My Old Kentucky Retirement Home by MitchMcC & The Soggy Boxer Boys
Burning Down The House by Merrick & The Goons
Back In the USSR by Bernie's Red Square Trio

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Re: Any aeronautical mavens/pilots: question re aircraft external sensors
Posted by: Racer X
Date: October 27, 2021 12:44PM
When we first went back to Mars in the '90s, they actually dredged back up the 500# thruster engines used in the '70s, but designed back in the '60s, and used them.

They were already tested and approved.

The first tests for the new missions, were done using a test mule thruster that had been sitting in a crumpled cardboard box under a workbench in an engineer's garage for 2 decades. It was recertified very quickly, because there was a voluminous paper trail attached to it and it gave them a quick start on the project. It's 80K worth of hardware, and 2 million worth of paperwork.

The technology isn't the problem, the paperwork is.



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The police have no duty to respond. See Castle Rock v. Gonzales, 545 U.S. 748 (2005) or Warren v. District of Columbia[1] (444 A.2d. 1, D.C. Ct. of Ap. 1981)



Edited 1 time(s). Last edit at 10/27/2021 01:03PM by Racer X.
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Re: Any aeronautical mavens/pilots: question re aircraft external sensors
Posted by: JoeH
Date: October 27, 2021 01:12PM
One thing no one has mentioned, is that "angle of attack" is not a simple measurement of pitch. It is relative to the direction of airflow, so at the same pitch it will be different when the plane is ascending or descending as compared to level flight. The same thing will happen if there is an element of downdraft or updraft to the air the plane is flying through.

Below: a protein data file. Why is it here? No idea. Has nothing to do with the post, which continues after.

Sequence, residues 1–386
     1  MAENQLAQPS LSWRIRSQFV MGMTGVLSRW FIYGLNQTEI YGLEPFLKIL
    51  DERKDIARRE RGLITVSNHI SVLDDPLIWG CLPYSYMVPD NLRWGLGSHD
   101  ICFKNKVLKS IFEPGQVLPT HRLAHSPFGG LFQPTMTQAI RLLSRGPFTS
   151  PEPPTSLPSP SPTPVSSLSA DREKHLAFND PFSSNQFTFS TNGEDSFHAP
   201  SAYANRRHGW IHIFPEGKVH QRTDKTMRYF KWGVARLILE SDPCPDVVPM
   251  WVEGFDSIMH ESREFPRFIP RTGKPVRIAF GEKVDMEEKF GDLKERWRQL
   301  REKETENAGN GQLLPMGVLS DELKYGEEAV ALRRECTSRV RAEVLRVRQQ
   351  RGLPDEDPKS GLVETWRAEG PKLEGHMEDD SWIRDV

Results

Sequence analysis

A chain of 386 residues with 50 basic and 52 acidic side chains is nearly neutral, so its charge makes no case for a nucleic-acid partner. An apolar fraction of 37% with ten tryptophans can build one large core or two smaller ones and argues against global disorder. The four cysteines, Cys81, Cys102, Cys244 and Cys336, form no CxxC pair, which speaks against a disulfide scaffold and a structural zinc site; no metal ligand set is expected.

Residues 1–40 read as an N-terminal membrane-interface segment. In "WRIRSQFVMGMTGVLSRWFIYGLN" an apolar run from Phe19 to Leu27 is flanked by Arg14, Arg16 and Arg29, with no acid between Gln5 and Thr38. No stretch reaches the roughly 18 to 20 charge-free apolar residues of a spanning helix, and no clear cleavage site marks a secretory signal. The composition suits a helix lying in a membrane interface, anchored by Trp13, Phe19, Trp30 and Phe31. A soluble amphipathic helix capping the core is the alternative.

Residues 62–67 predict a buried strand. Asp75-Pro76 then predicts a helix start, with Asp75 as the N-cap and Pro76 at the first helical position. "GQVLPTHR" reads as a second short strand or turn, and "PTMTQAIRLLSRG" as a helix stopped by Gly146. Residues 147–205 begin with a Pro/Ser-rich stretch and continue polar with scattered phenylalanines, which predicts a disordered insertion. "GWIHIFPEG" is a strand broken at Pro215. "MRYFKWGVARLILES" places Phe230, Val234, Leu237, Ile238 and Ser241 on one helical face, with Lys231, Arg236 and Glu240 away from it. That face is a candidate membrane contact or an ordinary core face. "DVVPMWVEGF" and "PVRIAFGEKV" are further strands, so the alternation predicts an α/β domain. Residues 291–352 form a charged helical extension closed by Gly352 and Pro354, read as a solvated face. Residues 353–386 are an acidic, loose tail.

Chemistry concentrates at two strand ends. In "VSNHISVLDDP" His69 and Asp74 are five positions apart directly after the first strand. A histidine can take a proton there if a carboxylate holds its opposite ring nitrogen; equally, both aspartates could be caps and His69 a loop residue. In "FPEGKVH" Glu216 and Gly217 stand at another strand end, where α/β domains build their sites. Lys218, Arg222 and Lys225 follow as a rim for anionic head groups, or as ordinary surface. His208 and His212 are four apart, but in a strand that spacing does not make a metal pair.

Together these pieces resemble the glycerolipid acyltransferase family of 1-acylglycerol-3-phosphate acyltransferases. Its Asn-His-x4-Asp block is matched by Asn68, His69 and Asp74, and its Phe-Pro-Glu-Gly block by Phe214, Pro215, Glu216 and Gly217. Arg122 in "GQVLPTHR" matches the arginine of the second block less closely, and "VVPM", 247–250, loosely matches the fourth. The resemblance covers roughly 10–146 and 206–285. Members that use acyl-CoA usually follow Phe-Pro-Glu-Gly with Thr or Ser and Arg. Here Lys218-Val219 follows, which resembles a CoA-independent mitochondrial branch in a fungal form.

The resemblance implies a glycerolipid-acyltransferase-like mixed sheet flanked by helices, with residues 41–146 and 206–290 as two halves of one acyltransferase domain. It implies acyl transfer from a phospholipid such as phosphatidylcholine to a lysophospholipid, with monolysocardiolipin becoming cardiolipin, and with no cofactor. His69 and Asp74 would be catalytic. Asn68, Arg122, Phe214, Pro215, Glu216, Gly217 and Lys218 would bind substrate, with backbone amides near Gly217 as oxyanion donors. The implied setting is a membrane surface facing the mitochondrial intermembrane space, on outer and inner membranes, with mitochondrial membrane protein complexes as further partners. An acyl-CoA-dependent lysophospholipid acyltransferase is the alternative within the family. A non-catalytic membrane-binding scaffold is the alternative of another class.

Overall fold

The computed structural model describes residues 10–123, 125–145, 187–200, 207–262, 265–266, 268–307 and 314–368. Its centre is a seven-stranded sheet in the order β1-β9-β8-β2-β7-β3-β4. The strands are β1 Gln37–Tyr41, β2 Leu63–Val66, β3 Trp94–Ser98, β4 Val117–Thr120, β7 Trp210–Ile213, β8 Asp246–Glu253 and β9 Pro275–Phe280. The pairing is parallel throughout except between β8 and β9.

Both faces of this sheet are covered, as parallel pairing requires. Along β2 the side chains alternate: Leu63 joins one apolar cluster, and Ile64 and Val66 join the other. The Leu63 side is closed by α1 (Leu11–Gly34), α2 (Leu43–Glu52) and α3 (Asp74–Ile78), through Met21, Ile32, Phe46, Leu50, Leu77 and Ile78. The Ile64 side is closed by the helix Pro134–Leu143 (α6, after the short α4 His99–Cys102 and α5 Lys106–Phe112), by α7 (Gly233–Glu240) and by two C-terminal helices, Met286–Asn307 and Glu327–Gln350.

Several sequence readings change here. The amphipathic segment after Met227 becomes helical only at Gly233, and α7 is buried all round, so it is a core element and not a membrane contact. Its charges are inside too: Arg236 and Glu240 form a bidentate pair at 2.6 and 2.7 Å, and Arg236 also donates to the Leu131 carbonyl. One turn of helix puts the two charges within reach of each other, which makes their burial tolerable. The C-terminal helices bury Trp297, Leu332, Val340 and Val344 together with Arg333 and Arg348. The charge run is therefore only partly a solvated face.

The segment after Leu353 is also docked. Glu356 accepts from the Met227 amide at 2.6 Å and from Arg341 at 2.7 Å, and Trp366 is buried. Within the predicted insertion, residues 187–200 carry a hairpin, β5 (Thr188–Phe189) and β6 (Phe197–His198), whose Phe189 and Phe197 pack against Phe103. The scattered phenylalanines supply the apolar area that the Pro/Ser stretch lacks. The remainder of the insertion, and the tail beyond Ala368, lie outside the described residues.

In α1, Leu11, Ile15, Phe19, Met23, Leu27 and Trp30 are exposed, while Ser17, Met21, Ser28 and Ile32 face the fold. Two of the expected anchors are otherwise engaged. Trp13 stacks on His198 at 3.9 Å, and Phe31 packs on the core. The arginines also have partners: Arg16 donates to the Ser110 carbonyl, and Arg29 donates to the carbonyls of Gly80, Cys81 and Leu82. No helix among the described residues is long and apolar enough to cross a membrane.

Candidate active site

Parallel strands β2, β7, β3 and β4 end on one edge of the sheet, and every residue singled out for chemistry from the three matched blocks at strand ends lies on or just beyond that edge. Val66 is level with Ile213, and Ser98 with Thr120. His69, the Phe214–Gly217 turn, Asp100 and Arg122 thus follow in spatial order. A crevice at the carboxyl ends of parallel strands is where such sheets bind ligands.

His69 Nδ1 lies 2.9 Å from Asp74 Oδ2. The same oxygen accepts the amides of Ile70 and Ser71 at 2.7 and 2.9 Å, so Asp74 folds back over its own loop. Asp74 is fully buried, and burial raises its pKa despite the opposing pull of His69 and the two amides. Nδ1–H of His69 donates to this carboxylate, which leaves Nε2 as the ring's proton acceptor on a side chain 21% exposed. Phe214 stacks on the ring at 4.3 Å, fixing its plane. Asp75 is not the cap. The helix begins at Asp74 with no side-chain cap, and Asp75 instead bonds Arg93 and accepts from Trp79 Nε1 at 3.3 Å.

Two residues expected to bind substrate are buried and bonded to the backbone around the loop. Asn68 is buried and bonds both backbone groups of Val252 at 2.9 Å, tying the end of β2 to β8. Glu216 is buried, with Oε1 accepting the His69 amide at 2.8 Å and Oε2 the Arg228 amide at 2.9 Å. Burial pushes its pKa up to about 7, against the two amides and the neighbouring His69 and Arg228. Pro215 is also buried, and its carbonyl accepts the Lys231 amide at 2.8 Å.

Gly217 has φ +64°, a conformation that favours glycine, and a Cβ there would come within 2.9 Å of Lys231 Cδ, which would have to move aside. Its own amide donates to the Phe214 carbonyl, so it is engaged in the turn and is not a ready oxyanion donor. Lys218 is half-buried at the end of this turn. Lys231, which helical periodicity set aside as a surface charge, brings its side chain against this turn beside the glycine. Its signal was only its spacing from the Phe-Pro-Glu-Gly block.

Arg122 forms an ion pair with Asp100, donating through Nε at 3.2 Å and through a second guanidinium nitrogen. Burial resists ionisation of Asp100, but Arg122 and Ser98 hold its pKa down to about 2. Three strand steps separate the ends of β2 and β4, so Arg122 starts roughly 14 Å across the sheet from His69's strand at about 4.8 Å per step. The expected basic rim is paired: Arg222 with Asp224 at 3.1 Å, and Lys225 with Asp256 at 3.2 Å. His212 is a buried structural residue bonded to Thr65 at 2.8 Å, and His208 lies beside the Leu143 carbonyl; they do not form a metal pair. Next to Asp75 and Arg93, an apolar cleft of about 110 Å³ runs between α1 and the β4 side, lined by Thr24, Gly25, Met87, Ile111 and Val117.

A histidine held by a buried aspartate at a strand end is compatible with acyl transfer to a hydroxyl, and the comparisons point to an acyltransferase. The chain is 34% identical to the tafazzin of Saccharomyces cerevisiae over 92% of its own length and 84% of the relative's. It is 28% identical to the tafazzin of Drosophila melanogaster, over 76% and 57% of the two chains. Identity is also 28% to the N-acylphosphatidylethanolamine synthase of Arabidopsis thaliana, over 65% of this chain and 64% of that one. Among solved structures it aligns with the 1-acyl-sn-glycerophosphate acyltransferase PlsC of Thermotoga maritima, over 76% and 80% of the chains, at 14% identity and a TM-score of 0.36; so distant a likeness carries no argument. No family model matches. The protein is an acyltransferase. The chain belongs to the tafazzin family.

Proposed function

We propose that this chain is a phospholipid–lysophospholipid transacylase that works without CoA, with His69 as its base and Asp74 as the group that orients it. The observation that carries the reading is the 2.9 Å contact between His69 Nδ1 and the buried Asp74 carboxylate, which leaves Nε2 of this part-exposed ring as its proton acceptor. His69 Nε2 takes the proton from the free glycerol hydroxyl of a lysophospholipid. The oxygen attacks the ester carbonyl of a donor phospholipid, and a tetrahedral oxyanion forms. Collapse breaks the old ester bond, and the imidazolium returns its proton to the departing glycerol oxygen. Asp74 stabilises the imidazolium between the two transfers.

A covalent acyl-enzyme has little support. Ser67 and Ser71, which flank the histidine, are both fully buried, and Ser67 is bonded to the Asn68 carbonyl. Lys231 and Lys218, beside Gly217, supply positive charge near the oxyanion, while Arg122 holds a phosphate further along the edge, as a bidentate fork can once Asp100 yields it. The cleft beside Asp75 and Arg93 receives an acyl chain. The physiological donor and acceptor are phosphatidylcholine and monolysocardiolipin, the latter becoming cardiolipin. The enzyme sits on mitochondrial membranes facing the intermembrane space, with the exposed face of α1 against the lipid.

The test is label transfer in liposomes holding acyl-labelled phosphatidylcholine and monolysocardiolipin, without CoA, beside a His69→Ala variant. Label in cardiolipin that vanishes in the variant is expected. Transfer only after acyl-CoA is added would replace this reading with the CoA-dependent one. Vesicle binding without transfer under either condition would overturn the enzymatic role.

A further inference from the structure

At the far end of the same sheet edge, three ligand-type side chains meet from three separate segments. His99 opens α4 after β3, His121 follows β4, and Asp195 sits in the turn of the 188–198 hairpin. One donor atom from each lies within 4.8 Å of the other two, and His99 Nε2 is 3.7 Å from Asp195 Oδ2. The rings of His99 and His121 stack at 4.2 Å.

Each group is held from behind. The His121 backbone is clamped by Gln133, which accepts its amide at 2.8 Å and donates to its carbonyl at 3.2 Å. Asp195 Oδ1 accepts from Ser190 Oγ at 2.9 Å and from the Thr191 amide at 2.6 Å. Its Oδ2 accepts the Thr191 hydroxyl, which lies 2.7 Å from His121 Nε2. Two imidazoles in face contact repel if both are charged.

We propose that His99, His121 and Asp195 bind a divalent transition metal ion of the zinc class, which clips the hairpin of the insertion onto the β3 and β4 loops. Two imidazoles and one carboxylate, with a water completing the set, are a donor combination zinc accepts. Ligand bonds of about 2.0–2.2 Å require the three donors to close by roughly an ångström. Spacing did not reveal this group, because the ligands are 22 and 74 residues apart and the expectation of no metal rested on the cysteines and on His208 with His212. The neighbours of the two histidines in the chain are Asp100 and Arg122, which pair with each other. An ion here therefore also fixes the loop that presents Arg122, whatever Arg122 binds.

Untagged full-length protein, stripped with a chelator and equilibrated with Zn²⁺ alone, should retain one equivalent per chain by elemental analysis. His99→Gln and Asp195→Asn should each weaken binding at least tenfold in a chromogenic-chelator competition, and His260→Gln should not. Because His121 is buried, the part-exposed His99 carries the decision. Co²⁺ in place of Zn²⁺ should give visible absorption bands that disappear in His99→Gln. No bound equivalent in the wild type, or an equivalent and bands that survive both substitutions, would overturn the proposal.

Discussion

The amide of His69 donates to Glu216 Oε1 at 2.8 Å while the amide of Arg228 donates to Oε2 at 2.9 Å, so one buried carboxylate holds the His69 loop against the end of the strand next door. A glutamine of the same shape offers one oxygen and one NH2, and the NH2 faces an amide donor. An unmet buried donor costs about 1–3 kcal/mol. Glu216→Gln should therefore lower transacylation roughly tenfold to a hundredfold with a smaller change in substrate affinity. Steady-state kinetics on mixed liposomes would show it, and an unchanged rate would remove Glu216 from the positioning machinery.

So not just a simple substitution of an internal sensor that just can measure the pitch angle. There would still be a requirement for an external sensor to detect the exact direction of the airflow the plane is passing through.



Edited 1 time(s). Last edit at 10/27/2021 01:48PM by JoeH.
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Re: Any aeronautical mavens/pilots: question re aircraft external sensors
Posted by: STL
Date: October 27, 2021 01:37PM
AOA and pitch angle are not the same.

The Pitch angle (attitude) is the angle between where the airplane is pointed and the horizon.

The Angle of attack (AOA) is the angle between the oncoming air or relative wind and a reference line on the wing. Wing lift and stall are directly related to a wings AOA. That's one reason AOA is so important.

An example of the difference between pitch angle and AOA can be seen by watching some videos of airplanes on final approach to an aircraft carrier. The aircraft’s pitch attitude is above the horizon but it’s direction of flight is down toward the deck. Check out this video at about 4:30.
[www.youtube.com]

Accurately measuring AOA requires a sensor on the outside of the airplane. The sensor you cited must freely rotate in order to align itself with the oncoming air. Icing can inhibit free rotation which can result in lag, inaccurate readings or even a stuck sensor. As a result a heater is included to keep the AOA sensor from icing.
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Re: Any aeronautical mavens/pilots: question re aircraft external sensors
Posted by: Will Collier
Date: October 27, 2021 01:48PM
Quote
Racer X
Now, starting from scratch, from the ground up, a lot of this is circumvented.

This is why SpaceX and Blue Origins can do in a decade what the big boys haven't been able to do in 3 times as long. Overcoming inertia in a massive organization is very hard to do.